By Devin Watkins
The government of Estonia announced plans this week to allow all churches to resume Masses with a congregation as of 10 May, which coincides with International Mother’s Day.
Bishop Philippe Jourdan, the Apostolic Administrator of Estonia, told Vatican Radio that initial plans were to allow the faithful to participate after 11 May.
But he said the government decided it would be “a nice gift to all mothers to be able again to be at Mass”.
Estonia has been one of the countries hardest-hit in Eastern Europe by Covid-19, in proportion to its tiny population of 1.33 million. As of Friday, the country has confirmed 1,725 cases with 56 deaths.
Compare those figures with Lithuania. The nearby Baltic state has similar numbers of cases and deaths, but they are spread over a population twice the size of Estonia’s.
Public Masses restoring hope
Bishop Jourdan said about 8 weeks have passed since the government enforced social-distancing measures but that things are going much better now.
“People are looking to the future with increased hope,” he said. “I think a big part of that hope is the possibility to take part in the Mass.”
He added that “spiritual food is very important and it was quite difficult for our people without it.”
Churches still open
Churches in Estonia remained open throughout the worst of the crisis. Catholics were free to enter to receive Holy Communion privately, to pray before the Blessed Sacrament, and to receive the Sacrament of Reconciliation.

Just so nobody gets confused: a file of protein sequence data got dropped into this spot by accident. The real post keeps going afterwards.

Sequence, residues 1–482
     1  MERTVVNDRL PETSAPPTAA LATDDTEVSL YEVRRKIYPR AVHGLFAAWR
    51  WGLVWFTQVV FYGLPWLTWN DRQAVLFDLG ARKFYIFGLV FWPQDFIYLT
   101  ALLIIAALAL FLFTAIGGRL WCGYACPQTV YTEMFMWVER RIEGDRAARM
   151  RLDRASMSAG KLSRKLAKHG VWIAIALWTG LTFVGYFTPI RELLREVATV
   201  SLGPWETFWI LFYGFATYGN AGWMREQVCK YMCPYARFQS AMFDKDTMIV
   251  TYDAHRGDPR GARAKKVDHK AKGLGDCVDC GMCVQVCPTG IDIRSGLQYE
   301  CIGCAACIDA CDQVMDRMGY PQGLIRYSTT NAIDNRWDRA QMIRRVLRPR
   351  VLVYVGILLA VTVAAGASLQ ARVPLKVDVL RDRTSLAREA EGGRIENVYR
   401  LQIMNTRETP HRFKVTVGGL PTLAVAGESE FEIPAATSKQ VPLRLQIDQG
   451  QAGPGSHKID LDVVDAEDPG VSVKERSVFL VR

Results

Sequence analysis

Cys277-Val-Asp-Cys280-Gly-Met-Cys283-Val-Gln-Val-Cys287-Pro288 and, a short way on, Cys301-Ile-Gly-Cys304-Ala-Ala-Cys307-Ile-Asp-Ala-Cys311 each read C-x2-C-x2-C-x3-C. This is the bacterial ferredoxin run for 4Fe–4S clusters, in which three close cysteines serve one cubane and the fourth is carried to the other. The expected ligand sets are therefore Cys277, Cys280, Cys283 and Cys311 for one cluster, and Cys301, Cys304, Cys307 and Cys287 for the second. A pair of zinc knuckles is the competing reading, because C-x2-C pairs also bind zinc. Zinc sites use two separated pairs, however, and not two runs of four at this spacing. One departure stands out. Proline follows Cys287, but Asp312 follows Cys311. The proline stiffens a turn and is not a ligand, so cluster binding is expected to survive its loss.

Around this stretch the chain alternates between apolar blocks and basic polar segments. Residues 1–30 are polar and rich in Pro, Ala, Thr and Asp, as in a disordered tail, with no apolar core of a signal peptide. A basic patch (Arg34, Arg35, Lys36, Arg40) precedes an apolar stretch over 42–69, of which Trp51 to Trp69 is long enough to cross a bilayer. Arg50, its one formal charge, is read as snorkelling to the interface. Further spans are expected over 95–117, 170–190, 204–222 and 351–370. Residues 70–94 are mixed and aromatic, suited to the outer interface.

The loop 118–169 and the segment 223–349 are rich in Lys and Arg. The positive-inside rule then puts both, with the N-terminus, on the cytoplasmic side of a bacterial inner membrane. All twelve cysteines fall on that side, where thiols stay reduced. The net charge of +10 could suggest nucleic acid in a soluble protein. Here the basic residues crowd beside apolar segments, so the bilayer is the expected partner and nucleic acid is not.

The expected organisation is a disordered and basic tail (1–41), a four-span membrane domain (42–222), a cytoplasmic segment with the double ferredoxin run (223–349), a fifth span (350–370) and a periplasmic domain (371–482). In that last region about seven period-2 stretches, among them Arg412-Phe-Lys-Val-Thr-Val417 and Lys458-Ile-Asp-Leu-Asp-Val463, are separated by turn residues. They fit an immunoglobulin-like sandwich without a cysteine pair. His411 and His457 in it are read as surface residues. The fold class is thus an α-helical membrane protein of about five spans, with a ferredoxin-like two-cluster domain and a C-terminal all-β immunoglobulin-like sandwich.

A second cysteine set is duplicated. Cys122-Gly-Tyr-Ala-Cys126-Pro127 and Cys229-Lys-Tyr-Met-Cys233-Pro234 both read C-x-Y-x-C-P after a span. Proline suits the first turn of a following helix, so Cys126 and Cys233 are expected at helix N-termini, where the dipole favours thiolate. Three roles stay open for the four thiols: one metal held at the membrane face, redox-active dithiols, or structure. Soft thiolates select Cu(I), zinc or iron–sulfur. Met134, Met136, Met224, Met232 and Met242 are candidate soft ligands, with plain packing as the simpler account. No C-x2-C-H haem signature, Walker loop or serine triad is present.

“Quite a lot of people every day came to the church to pray,” said Bishop Jourdan.
Residual fear, limited capacity
Social-distancing measures will still apply during religious celebrations, including 2 meters distance between people.
Bishop Jourdan predicted there will be fewer people at Mass at first, partly out of residual fear and partly due to limited capacity in churches. He has invited parishes to offer more Masses on Sunday, as a way of increasing capacity.
But, he noted, many elderly persons will – and should – stay at home to avoid contagion. “So we will continue to broadcast Masses through the internet.” Bishop Jourdan said online Masses are not ideal, though they provide an important spiritual service for people who are homebound.
Ready for rough patches
As the Church resumes public Masses, the Apostolic Administrator of Estonia is confident Catholics can overcome any rough patches ahead.
“I’m happy this great step has been taken,” said Bishop Jourdan. “Even if more difficulties arise in the coming weeks and months for our country, our people, and for the Church – because the Church is part of society – people are again full of hope”.